For more than a decade, Arlo Namingha managed Niman Fine Art, his family’s Santa Fe gallery, which features the paintings and sculpture of his internationally acclaimed father, Dan Namingha. Evenings and weekends were spent in quiet pursuit of his authentic artistic vision, inspired by his Tewa-Hopi heritage and the San Juan Pueblo where he was raised.
Not surprisingly, Namingha's earliest childhood memories are associated with art, as his family's lineage may be as close to artistic royalty as one can find. He is a descendant of the Hopi potter Nampeyo (1860-1942), the first nationally acclaimed Indian artist. His paternal grandmother, Dextra Nampeyo Quotskuyva, is one of the most famous potters working on the Hopi reservation today. His father's pieces continue to elicit praise and reap recognition. With all that artistic ancestry behind him, he says, "I have to explore ideas, trust my instincts and run with it, taking my ideas and my work as far as I can."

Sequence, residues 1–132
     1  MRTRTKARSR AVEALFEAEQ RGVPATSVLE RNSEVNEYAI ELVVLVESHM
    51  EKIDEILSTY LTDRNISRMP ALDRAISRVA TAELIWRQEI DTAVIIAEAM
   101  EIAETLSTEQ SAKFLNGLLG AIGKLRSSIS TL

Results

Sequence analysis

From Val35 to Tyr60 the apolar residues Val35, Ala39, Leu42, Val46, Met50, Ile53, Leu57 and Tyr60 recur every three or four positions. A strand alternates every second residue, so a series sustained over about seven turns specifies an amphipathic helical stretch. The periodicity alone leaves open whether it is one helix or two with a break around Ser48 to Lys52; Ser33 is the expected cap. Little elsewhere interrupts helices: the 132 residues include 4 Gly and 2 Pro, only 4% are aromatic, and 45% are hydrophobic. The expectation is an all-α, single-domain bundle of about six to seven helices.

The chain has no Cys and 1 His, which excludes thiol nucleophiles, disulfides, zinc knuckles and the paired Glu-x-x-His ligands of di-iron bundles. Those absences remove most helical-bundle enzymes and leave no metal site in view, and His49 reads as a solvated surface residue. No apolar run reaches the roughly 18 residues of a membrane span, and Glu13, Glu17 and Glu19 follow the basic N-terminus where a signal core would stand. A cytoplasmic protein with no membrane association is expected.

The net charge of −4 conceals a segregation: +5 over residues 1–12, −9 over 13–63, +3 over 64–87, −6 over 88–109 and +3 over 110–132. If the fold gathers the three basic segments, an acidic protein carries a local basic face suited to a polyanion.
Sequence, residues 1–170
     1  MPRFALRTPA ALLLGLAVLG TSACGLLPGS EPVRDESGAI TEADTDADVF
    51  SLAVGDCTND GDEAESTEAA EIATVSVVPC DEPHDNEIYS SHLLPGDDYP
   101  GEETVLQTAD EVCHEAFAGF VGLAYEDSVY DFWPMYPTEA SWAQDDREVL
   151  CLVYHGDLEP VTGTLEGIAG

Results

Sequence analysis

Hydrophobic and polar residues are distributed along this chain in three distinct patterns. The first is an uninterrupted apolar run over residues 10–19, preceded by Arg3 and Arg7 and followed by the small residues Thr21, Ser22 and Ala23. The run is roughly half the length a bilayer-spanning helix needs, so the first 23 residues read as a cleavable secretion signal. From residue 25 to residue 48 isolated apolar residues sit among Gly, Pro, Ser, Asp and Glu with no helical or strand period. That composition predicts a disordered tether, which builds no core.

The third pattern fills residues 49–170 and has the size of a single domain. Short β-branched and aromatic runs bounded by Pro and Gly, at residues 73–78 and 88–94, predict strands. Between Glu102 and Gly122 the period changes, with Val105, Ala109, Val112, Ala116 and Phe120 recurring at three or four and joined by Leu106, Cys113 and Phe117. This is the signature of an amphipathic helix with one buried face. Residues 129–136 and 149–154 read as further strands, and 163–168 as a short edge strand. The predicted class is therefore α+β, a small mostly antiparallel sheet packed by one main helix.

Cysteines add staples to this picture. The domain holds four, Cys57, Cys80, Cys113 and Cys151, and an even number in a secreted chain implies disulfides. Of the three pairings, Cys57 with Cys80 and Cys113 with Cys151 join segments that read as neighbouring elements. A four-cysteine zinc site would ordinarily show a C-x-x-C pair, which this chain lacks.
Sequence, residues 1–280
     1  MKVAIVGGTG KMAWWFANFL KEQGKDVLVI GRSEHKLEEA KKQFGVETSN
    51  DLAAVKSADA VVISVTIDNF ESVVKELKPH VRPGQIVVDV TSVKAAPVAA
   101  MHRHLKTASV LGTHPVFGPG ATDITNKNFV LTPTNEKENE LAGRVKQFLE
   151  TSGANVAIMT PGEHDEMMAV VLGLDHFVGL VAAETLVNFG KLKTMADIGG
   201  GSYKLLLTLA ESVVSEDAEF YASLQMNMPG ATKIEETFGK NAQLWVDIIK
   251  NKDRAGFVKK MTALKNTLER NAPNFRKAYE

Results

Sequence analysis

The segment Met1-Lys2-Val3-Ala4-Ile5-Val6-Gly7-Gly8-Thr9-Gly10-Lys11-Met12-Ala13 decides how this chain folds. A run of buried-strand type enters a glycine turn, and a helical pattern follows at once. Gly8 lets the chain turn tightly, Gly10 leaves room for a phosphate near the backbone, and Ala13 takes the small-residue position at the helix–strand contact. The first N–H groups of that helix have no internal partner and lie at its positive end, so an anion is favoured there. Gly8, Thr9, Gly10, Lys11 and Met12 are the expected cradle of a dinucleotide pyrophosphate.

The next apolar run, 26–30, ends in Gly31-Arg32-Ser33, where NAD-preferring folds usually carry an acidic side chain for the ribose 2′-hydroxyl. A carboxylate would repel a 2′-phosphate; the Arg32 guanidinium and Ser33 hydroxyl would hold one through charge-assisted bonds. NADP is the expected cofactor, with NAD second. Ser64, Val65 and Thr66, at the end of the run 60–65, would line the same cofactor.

Namingha began his artistic journey carving wood sculptures depicting pueblo ceremonies. After eight years as a full-time studio artist, he has discovered his unique voice and added stone and bronze to his materials list. Loyal collectors, enthralled with Namingha's combination of minimalist design and such traditional imagery as birds, clouds, rain and Katsina spirits, are testament to his talent.
"I grew up in a unique and fortunate situation. There is a foundation to my work that draws from my culture and traditions, but I explore those images by breaking them down and minimizing elements," the artist states. "I find my work is constantly changing and evolving as I build my confidence."